New EU regulation aims to reduce waste and increase resource efficiency

The latest EU regulation drives the reduction of waste and the increase of resource efficiency, especially in the fashion industry

EU regulation cover

Author: House of Eden

  • The European Parliament adopted an EU regulation to reduce significant amounts of waste and establish sustainable products as the standard.
  • Companies will be obliged to make products more durable and promote reusability, while consumers will be better informed through digital product passports.
  • The fashion industry is facing a ban on the destruction of unsold products to curb overproduction and reduce environmental impact.

On 5 December 2023, the European Parliament adopted a new EU regulation to combat the significant annual increase in waste, particularly in the textile sector. This initiative pursues the overarching goal of climate protection and aims to establish sustainable products as the standard. This is to be achieved by reducing waste and saving resources, energy and water. The EU regulation stipulates that companies must improve various product aspects in order to promote their longevity and thus fulfil the requirements of a sustainable economy.

Ban on the destruction of unsold consumer goods

Recently, negotiators of the European Parliament and the Council reached an agreement on updating the Ecodesign requirements for sustainable products. Large companies have a two-year time frame to implement the new rules, while small and medium-sized companies have six years to do so.

The new EU regulation aims to establish sustainable products as a standard. This requires companies to revise various aspects of their production processes and products. The main aim is to give products a longer lifespan while making it easier to reuse, repair or recycle products.

The agreement also emphasises that companies should provide consumers with better information in future. This is to be achieved through the introduction of digital product passports, which will be accessible via a public web portal. This will provide consumers with sufficient information to make more informed purchasing decisions.

As part of the parliamentary initiative, it was agreed to give priority to certain product groups. These include iron, steel, aluminum, textiles (especially clothing and shoes), furniture, tires, cleaning products, paints, lubricants and chemicals.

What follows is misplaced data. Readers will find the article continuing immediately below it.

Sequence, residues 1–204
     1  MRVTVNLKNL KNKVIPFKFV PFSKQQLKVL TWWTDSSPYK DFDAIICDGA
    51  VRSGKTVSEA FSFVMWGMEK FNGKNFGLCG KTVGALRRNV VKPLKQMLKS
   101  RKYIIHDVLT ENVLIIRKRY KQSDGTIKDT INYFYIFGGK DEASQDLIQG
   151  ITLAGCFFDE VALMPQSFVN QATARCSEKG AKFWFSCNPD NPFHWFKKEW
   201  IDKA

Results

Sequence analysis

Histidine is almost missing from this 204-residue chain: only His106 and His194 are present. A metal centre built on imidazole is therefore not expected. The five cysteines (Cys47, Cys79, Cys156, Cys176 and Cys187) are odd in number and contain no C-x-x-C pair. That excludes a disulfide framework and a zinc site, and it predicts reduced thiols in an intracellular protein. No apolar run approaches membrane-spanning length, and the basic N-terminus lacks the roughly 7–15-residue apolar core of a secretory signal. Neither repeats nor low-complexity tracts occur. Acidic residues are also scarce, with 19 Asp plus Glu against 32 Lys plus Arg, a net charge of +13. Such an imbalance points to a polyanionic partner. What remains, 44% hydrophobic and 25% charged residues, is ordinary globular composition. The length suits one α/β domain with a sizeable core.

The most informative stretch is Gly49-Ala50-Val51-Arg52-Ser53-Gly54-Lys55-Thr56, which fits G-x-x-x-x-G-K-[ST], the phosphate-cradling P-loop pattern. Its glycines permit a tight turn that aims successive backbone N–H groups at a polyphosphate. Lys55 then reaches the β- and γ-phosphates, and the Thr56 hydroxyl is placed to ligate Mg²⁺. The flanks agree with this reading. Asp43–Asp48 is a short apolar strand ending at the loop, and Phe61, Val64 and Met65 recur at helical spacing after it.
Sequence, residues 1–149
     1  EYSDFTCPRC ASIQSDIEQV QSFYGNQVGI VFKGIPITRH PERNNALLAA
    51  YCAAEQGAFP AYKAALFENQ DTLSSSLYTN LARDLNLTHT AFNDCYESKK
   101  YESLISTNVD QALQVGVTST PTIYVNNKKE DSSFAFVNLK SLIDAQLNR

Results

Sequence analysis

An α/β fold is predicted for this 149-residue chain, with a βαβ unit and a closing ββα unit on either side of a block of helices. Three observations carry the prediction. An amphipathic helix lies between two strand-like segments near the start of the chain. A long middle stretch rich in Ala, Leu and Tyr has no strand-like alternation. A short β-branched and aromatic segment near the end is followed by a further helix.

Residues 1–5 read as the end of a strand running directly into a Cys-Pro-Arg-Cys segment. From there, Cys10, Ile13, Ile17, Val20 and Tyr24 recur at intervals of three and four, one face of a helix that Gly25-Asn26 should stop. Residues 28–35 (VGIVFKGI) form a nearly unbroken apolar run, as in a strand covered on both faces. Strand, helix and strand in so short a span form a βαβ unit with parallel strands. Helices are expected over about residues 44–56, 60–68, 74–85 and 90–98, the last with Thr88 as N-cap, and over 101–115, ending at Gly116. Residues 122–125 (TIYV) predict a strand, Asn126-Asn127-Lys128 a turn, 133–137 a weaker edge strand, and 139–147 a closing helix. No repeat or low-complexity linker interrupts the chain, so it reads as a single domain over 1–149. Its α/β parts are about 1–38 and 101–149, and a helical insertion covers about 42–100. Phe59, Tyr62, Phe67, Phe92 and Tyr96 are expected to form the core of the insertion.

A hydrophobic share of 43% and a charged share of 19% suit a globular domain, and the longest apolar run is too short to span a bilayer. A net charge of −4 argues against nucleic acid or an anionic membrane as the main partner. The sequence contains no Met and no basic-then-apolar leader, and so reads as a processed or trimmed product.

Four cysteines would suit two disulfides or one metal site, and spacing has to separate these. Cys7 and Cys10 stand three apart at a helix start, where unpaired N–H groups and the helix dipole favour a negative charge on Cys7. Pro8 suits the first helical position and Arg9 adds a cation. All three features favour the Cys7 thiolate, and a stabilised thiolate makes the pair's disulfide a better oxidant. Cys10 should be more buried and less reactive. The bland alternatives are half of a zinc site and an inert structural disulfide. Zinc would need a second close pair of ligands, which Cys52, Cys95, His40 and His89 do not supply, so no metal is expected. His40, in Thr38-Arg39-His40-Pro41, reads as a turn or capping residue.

EU regulations prohibit the disposable standard in the fashion industry

It is common practice in the fashion industry to destroy or burn unsold items of clothing, bags or shoes in order to prevent further sales or discounts. However, this practice is prohibited by the latest EU regulation.

The regulation does not impose any direct restrictions on production volumes or collection numbers, which gives fashion companies some flexibility. Nevertheless, companies that produce excessively are sanctioned. In addition, all companies are obliged to report on the quantity and reasons for the destruction of unsold consumer goods. This obligation could potentially affect the image of some brands.

In the fashion industry, an alarming 73 percent of the clothes, shoes and bags produced end up in landfill. Given the enormous production volumes that our society manages, this is the equivalent of a lorry full of textiles being dumped in landfill or incinerated every second. Such a regulation is therefore essential to curb overproduction and reduce the industry's environmental impact.

Lack of clarity in EU regulations for the fashion industry

The future of the EU regulation for the fashion industry still raises some questions that require clarification. One point that has not yet been clearly defined concerns the categorisation of goods as "unsold goods", particularly in relation to slightly damaged products or those that the company wishes to recycle itself. The question of what exactly falls under the prohibition of "destruction" also remains open. It is unclear whether independent recycling is still permitted or whether it is considered "destruction". Furthermore, it is not specified what alternatives to destruction are envisaged for unsold products.

Despite these unresolved aspects, the new EU regulation represents a significant milestone in the area of ​​climate protection.


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